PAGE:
How Hitler’s photographer returned to Dachau concentration camp to take series of chilling images five years after those who survived torture and death at the hands of the Nazis were set free
03:06 GMT, 22 March 2014
04:30 GMT, 22 March 2014
Even though they were taken in color, the images of Dachau concentration camp, where tens of thousands were imprisoned and killed by the Nazis, appear bleak and foreboding.
What is even more chilling than the sight of drainage ditches to catch the blood of victims, or the images of gas chambers, is that the man behind the camera in 1950 was Hugo Jaeger – one of Hitler’s personal photographers.
The events that unfolded in Dachau continue to haunt the world 81 years after it first opened its gates on March 22, 1933. But the series of images taken by Jaeger, who documented the rise of Nazi Germany, add a layer of horror to the pride Hitler and his followers took in their movement.
Shafts of light can be seen in one of the gas chambers at the concentration camp
One of the barracks in Dachau concentration camp, photographed by Hugo Jaeger in 1950
Bleak rows of rundown buildings in Dachau, where 32 barracks housed Jews and other groups persecuted by the Nazis
No one is quite sure why Jaeger, whose work was lauded by Hitler as the future of photography, decided to visit the camp five years after U.S. troops liberated the tortured souls interned there.
The photographer, described as an ardent Fascist even before Hitler came to power, had been on hand to capture rallies, glorify the Third Reich and take candid snapshots of Hitler at his birthday and on other occasions.
After Hitler’s suicide and the fall of Nazi Germany, he hid his images in metal jars that he buried in several locations around Munich. He returned periodically to check on them and dry them out, according to Time.
It was claimed that when American soldiers searched the home he was staying in, he distracted them with a bottle of brandy to prevent them searching the bag where he had the stored the images, before he went on to bury them.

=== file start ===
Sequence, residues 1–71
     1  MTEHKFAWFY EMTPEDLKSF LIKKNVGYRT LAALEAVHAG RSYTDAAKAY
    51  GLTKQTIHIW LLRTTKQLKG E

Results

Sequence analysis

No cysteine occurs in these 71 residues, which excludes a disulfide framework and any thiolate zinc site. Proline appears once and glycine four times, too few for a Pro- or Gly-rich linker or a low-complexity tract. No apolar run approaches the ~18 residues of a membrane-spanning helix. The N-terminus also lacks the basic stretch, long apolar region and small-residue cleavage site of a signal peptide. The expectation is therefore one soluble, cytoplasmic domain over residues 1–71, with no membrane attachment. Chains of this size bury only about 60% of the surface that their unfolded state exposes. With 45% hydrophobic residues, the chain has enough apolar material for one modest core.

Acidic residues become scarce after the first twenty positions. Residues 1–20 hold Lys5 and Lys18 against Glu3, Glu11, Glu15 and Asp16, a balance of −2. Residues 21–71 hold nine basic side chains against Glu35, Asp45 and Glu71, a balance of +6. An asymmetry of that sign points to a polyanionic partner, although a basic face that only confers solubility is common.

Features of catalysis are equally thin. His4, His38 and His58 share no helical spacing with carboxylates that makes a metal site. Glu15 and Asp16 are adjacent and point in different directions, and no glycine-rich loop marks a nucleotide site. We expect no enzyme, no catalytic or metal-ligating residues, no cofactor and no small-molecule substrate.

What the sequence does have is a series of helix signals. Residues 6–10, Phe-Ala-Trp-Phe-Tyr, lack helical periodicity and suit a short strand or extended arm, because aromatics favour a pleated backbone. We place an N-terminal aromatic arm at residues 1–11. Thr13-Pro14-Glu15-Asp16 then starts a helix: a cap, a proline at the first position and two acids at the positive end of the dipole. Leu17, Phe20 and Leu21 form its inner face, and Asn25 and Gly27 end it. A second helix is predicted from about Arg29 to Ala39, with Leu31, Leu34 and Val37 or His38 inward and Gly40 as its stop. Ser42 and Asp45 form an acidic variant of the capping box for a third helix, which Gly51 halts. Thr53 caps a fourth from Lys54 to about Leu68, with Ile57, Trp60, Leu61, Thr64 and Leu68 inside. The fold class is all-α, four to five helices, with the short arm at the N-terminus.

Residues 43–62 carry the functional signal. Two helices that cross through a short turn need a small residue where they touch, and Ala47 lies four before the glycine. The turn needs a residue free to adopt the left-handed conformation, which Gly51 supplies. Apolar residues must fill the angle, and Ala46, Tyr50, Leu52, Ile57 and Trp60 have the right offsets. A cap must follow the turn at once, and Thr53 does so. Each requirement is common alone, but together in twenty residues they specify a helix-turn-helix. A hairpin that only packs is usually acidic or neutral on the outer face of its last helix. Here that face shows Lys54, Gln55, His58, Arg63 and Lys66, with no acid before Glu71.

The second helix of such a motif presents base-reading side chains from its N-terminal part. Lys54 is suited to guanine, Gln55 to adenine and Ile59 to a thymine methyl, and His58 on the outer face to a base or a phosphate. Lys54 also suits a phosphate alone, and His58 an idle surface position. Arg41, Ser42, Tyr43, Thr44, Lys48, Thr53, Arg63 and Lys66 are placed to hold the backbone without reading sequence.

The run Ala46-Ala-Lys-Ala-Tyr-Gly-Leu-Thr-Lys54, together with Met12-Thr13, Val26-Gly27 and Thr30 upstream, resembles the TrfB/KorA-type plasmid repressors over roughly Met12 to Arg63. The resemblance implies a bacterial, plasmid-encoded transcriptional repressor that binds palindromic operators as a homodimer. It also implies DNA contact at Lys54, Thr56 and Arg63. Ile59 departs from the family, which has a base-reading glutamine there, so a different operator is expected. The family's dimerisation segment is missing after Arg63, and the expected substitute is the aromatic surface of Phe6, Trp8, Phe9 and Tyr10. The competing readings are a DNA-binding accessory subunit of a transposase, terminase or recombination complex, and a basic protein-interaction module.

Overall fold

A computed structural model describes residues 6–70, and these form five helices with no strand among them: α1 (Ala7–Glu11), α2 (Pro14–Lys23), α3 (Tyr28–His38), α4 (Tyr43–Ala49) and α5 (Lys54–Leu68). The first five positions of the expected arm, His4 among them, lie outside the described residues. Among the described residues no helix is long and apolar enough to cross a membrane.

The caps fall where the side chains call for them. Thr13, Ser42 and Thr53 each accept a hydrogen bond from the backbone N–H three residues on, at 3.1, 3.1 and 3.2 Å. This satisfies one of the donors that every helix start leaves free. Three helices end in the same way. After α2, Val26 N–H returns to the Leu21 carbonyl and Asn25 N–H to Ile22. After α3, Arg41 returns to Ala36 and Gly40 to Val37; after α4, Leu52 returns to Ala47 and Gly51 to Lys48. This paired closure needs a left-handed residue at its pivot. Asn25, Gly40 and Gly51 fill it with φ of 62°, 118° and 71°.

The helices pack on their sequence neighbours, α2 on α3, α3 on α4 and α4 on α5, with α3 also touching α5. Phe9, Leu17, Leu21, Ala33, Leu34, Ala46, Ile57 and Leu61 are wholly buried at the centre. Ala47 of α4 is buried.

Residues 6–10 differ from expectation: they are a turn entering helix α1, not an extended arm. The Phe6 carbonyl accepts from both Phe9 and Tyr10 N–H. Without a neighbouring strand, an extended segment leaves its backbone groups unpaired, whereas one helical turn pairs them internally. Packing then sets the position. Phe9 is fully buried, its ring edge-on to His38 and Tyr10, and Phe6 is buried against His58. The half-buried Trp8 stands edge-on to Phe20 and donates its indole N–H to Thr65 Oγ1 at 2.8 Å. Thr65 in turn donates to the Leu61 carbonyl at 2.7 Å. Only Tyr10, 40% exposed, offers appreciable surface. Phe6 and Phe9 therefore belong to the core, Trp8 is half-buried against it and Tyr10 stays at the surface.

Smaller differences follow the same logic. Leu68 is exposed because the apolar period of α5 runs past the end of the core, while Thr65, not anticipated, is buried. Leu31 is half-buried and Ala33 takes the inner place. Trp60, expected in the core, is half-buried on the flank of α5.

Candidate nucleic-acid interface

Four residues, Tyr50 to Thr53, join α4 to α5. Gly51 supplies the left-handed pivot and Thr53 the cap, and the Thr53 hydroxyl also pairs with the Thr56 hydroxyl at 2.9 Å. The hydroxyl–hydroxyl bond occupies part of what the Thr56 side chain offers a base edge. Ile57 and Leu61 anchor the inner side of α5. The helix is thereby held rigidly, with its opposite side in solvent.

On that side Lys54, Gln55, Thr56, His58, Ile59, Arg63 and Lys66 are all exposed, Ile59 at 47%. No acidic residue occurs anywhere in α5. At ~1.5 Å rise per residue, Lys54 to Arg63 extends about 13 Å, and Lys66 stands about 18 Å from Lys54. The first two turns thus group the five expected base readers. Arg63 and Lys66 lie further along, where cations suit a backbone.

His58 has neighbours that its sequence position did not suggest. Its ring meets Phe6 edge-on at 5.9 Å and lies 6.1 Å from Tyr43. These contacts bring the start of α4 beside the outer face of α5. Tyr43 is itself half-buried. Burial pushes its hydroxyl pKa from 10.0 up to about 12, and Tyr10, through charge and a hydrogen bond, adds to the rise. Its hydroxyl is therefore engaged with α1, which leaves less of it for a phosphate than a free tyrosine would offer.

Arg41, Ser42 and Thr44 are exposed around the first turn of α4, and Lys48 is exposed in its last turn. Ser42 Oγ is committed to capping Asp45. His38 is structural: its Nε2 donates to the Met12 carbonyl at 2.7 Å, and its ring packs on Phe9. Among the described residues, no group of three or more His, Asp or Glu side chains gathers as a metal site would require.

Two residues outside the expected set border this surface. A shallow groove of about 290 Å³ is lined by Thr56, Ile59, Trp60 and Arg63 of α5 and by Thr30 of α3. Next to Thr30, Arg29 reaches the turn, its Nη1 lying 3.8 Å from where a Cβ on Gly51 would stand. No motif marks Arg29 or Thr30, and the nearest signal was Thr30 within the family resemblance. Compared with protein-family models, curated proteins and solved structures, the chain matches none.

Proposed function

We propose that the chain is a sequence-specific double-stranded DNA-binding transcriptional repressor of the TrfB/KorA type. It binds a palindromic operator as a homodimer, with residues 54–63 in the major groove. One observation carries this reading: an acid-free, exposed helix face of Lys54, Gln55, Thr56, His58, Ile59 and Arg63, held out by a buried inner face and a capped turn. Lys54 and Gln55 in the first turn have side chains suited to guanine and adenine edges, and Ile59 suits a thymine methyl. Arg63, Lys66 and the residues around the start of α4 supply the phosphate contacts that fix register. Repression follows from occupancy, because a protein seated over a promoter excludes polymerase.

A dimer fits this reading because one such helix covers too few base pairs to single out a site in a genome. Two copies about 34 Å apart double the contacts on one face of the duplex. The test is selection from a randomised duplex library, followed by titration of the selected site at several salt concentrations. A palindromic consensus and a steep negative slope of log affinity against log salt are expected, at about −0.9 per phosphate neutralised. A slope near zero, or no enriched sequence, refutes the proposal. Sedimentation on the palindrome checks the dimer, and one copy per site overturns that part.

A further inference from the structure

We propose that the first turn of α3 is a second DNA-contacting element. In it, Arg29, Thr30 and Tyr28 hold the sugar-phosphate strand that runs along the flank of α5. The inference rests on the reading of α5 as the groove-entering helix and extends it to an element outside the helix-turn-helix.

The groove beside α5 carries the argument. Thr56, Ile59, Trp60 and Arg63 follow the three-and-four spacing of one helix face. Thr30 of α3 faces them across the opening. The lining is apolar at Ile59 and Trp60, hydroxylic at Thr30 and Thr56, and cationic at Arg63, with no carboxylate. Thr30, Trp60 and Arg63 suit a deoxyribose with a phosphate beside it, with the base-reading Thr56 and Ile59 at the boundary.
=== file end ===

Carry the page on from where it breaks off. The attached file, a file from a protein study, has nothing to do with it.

He appeared desperate to preserve the images documenting the cause he had backed and eventually moved the archive from the buried jars to a Swiss bank vault.
Jaeger had documented key points in the rise of the Nazis, yet five years after the Second World War ended, he traveled to Dachau to photograph the deserted barracks, crumbling crematorium, and eerie gas chambers that had been made to look like showers.
He photographed the watch towers and barracks, and also took pictures of prayer scarves and wreaths laid at memorials to the prisoners who were cremated, and the 4,000 Soviet soldiers killed there by firing squads.
Prayer scarves and wreathes surround one of the crematoriums in Dachau
Jaeger photographed the foliage and flowers left at a row of furnaces
The spot where about 4,000 Soviet soldiers were executed by firing range at the camp was also documented by Jaeger
Wooden slats cover a ditch, possible used as a blood drain at the firing squad range
Hugo Jaeger, pictured here for a 1970 article in Life magazine, documented the rise of Hitler
Jaeger captured this informal shot of Hitler with wife of Gauleiter Albert Forster at his Upper Bavaria estate in the late 30s
His vast archive, taken during and after the fall of Hitler, were eventually sold to Life magazine in 1965. The magazine published them, but with an editor’s note referring to the archive of roughly 2,000 images as ‘the work of a man we admire so little’.
At the time of his visit to Dachau – where sunlight could be seen shining weakly through the barracks’ windows and stark prison walls were lifted only by the tiny dots of yellow from the dandelions on overgrown verges – refugees and survivors of the Nazi onslaught had moved into the camp as they tried to reclaim their lives, Time reported.
More than 188,000 political prisoners, Jews and other groups persecuted by the Nazis were kept in Dachau, which was used as a labor camp and place where medical experiments took place.
In a final act of cruelty, guards at the camp forced more than 7,000 prisoners, most of them Jewish, on a death march as American troops drew close in April 1945. Many of the starved and weak prisoners who struggled to keep up were shot dead. Those who survived were liberated by the Allies in May.
The Brausebad – shower – sign hangs over a door surrounded by graffiti. The doorway led to the gas chamber
The Grave of Thousands Unknown in Dachau was also photographed by Jaeger
A memorial to the tens of thousands of victims was also photographed
A picture taken by American troops in April 1945 shows emaciated men who were kept at Dachau
The site where ashes were stored appeared in the images taken by Hitler’s photographer
The long barracks can be stretching into the distance
A watchtower at the camp, which imprisoned more than 188,000 people between 1933 and 1945
Dandelions bring a small touch of color to the austere walls and razor wire that surrounded the camp